Good food can not only keep you satisfied and happy but also bring lots of good luck. We’re serious! According to Chinese and Thai traditions and many other cultures around the world, eating certain foods is known to turn your fate around.
The delicious treats have a unique significance that is deep rooted in century old beliefs. Whether or not you believe in them, it’s worth giving them a shot. You don’t have anything to lose but rather a whole lot of festive food to gorge on. Who can say no to that?
1. Green vegetables: Those dark green vegetables might be way too healthy for you, but it could help to enjoy a plateful this New Year’s Eve. A lot of cultures from the United States to Europe believe that the green color of vegetables such as beans or spinach symbolizes money. So, the more you eat, the more you would probably make!
2. Pomegranates: Pomegranates are revered in Turkey as a sweet and juicy New Year fruit. Their ruby red hue is representative of the human heart and signifies life and fertility. Similarly, apples are symbolic of love and fertility too and cider is quite a New Year’s drink. Figs are also considered a symbol of fertility and are used in many New Year desserts such as the special fig pudding enjoyed in European countries.
3. Lentils: In Italy, a particular dish called Cotechini Con Lenticchie is enjoyed on New Year’s Eve. It is a mix of lentils and sausages and it is believed that since lentils resemble tiny coins, this dish can bring wealth and prosperity in the New Year! Moreover, lentils are known to become plump when soaked and cooked in water which could signify increasing wealth.
4. Fish: Fish is considered to be one of the luckiest foods for New Year. It is believed in many cultures that the silvery and shiny fish brings good luck, wealth and prosperity. Fish are known to lay many eggs which signify abundance and so, you may find many people enjoy seafood dishes during New Year. How about some delicious fish dumplings for your New Year party?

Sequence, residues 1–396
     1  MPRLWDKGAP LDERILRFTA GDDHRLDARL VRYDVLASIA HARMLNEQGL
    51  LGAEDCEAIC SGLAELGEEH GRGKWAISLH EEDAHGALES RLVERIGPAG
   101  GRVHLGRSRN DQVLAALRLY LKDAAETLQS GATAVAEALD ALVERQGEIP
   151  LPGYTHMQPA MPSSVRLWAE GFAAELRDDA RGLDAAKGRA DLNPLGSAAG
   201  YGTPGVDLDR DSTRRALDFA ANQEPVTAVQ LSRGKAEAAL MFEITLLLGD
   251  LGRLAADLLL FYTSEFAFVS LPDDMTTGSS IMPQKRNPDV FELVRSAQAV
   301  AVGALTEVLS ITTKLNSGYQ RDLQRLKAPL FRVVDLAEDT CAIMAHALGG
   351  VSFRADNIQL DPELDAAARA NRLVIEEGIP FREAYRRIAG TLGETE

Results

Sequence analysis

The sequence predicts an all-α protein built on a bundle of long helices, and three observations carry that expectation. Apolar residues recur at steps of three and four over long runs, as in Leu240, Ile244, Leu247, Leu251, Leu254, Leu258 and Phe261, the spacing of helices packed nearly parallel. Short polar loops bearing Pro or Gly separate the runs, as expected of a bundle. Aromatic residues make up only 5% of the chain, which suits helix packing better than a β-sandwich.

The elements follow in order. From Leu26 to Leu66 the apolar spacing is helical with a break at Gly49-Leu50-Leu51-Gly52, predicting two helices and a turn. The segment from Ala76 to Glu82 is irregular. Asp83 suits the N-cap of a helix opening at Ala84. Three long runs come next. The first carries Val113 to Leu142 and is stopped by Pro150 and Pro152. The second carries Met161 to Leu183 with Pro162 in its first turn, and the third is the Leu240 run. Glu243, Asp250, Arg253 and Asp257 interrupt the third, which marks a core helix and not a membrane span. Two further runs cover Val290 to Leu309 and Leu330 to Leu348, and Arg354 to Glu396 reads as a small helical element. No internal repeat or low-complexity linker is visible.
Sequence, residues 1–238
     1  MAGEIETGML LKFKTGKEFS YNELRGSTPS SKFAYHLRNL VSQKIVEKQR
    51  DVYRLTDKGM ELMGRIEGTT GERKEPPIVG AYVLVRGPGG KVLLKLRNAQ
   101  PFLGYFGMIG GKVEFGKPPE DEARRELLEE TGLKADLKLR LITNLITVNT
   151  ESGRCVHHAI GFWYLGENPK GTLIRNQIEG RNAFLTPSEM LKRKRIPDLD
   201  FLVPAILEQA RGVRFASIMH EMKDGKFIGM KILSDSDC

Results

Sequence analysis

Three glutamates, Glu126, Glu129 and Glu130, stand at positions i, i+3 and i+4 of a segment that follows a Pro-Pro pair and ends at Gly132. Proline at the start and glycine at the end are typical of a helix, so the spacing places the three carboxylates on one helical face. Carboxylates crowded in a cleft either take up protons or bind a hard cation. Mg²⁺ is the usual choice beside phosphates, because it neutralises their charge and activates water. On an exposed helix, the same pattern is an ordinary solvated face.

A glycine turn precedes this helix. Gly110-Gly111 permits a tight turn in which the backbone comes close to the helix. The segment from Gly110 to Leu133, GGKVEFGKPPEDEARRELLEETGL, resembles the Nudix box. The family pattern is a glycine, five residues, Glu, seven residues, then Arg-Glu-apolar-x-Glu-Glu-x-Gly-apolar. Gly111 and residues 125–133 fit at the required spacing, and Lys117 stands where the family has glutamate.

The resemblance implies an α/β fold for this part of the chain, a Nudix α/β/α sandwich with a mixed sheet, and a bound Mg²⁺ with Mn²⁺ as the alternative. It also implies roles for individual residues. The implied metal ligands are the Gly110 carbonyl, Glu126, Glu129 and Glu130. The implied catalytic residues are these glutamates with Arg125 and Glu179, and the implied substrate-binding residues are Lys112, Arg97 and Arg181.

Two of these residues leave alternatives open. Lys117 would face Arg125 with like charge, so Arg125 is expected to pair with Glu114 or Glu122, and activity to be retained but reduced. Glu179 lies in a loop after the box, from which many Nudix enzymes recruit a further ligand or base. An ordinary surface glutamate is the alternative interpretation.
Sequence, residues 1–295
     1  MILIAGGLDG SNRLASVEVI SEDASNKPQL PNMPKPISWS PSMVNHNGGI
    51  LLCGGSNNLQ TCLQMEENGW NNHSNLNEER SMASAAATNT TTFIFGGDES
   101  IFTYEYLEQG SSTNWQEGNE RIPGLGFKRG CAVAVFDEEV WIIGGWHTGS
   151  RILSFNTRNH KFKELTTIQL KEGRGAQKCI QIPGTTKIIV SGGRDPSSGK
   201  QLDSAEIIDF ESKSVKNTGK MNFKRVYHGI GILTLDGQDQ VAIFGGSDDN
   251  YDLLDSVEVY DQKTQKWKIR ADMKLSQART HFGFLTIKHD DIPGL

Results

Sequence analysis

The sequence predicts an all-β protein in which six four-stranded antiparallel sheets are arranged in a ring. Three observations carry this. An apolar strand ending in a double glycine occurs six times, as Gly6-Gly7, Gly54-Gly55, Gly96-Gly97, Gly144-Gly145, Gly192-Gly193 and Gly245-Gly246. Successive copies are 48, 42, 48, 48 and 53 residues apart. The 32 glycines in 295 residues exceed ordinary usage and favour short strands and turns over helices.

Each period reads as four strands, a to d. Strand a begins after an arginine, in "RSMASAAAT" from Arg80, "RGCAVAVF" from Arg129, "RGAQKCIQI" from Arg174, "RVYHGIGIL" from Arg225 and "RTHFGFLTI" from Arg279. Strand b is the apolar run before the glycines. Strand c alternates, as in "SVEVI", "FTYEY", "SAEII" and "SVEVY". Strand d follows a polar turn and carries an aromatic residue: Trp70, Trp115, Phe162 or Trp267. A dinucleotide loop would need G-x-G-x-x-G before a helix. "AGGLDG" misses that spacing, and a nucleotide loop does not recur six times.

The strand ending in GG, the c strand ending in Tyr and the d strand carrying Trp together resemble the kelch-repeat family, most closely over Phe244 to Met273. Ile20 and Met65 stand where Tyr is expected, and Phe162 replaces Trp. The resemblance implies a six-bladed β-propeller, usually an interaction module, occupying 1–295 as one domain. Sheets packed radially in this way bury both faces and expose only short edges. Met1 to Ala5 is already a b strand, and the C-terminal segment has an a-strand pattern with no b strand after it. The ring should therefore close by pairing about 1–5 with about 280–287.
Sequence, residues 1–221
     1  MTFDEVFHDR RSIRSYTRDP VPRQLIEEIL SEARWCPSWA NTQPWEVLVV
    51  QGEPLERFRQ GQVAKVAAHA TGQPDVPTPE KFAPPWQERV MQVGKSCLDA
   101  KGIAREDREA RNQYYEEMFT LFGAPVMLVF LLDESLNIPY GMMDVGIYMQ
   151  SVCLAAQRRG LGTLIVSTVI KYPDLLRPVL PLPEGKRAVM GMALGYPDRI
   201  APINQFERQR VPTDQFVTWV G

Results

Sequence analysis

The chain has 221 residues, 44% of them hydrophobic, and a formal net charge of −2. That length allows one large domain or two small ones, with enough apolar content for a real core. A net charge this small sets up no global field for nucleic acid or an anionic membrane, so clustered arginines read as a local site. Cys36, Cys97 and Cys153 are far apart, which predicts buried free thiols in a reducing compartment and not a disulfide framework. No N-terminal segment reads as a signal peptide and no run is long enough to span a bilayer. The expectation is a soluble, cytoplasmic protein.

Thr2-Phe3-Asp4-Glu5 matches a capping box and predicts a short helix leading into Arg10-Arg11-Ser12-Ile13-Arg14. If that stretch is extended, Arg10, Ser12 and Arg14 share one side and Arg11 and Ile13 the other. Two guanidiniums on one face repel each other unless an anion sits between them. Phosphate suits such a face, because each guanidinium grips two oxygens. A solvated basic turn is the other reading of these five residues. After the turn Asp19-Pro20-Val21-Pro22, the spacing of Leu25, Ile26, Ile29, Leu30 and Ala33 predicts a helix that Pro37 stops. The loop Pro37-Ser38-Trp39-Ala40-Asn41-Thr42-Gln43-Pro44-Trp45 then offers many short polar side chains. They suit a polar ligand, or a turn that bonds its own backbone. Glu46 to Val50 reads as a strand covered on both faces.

5. Long noodles: You may have heard of this popular ritual in China. Here, the New Year Dish comprises of long and slick strands of noodles that symbolize longevity. The tradition is not to break or cut them while cooking or eating and swoop the whole noodle in.
6. Nuts: Nuts are symbols of new life and are often used for gifting during New Year to wish your friends and family a lucky start. They are often stuffed in sweet cakes for Christmas and sprinkled over many festive desserts and other treats. In fact in some cultures, a special cake is made with nuts and real coins stuffed into it to bring in the New Year. You may have noticed that mostly ring shaped cakes are prepared during New Year as a symbol of continuing prosperity.
7. Corn: Preparing the corn bread is a popular New Year tradition in the United States. The bright hue of the corn kernels is known to be a symbol of gold. The more kernels you add, the more good fortune you may bring into the next year.
8. Oranges: Golden fruits such as oranges and tangerines are considered to be lucky according to Chinese tradition. Tangerines represent wealth while oranges are known to bring good luck. These fruits are popularly used while celebrating the Chinese New Year. Given their plentiful harvest during this time of the year, these citrus fruits also signify abundance and happiness.
9. Grains: Certain grains such as rice, quinoa and barley hold a special place in New Year celebrations and are deemed to be lucky. According to some traditions, cooked rice is the first thing that one should eat to bring in the New Year and attract lots of good luck. As per Indian Mythology, rice grains are known to soak up all evil energies and bad omen and fill your lives with good luck. Therefore, rice grains are also used in many religious ceremonies in India.
10. Grapes: In countries such as Cuba, Portugal and Spain, the sweet grape fruit is regarded as a lucky food for the New Year. Some suggest that you must eat one grape for each chime of the clock on the last day of the year to bring good luck, while others make a special wish for each of the twelve grapes that they eat